2.2. Dynamics of the Friedmann model

Let us now turn to the second assumption which determines the dynamics of the universe. When several non interacting sources are present in the universe, the total energy momentum tensor which appear on the right hand side of the Einstein's equation will be the sum of the energy momentum tensor for each of these sources. Spatial homogeneity and isotropy imply that each Tba is diagonal and has the form Tba = dia [i(t), - Pi(t), - Pi(t), - Pi(t)] where the index i = 1, 2,..., N denotes N different kinds of sources (like radiation, matter, cosmological constant etc.). Since the sources do not interact with each other, each energy momentum tensor must satisfy the relation Tb;aa = 0 which translates to the condition d (i a3) = - Pi da3. It follows that the evolution of the energy densities of each component is essentially dependent on the parameter wi (Pi / i) which, in general, could be a function of time. Integrating d (i a3) = - wi i da3, we get

 (19)

which determines the evolution of the energy density of each of the species in terms of the functions wi(a).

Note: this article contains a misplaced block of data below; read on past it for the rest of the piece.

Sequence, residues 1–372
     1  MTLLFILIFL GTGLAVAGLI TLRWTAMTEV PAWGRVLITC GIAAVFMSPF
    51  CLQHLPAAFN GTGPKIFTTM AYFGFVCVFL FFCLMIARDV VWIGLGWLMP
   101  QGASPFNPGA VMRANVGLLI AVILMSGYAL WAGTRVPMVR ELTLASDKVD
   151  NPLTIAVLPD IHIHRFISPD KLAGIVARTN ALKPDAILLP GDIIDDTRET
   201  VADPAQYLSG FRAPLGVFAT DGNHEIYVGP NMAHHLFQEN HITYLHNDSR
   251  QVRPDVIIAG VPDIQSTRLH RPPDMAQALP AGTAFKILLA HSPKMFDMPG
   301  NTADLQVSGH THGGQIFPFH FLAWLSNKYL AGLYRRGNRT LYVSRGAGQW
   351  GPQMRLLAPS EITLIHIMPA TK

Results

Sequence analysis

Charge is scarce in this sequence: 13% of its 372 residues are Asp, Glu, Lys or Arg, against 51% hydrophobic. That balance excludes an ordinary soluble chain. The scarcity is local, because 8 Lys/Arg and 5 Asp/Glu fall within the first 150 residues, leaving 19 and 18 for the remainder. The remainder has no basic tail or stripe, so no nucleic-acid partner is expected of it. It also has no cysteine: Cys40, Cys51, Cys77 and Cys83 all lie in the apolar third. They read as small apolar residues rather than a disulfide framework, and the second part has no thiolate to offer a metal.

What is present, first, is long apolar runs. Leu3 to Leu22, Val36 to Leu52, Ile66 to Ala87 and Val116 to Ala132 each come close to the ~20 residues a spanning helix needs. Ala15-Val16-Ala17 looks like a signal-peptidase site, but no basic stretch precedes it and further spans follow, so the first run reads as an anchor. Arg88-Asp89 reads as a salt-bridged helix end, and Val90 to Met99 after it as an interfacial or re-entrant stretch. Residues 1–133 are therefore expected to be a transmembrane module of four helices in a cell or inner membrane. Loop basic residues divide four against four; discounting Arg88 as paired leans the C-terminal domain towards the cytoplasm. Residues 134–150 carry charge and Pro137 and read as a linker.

This description determines (a) for different sources but not a(t). To determine the latter we can use one of the Einstein's equations:

 (20)

This equation shows that, once the evolution of the individual components of energy density i(a) is known, the function H(a) and thus the line element in equation (13) is known. (Evaluating this equation at the present epoch one can determine the value of k; hence it is not necessary to provide this information separately.) Given H0, the current value of the Hubble parameter, one can construct a critical density, by the definition:

 (21)

and parameterize the energy density, i(a0), of different components at the present epoch in terms of the critical density by i(a0) i c. [Observations [49, 50] give h = 0.72 ± 0.03 (statistical) ± 0.07 (systematic)]. It is obvious from equation (20) that k = 0 corresponds to tot = i i = 1 while tot > 1 and tot < 1 correspond to k = ± 1. When tot 1, equation (20), evaluated at the current epoch, gives (k / a02) = H02(tot - 1), thereby fixing the value of (k / a02); when, tot = 1, it is conventional to take a0 = 1 since its value can be rescaled.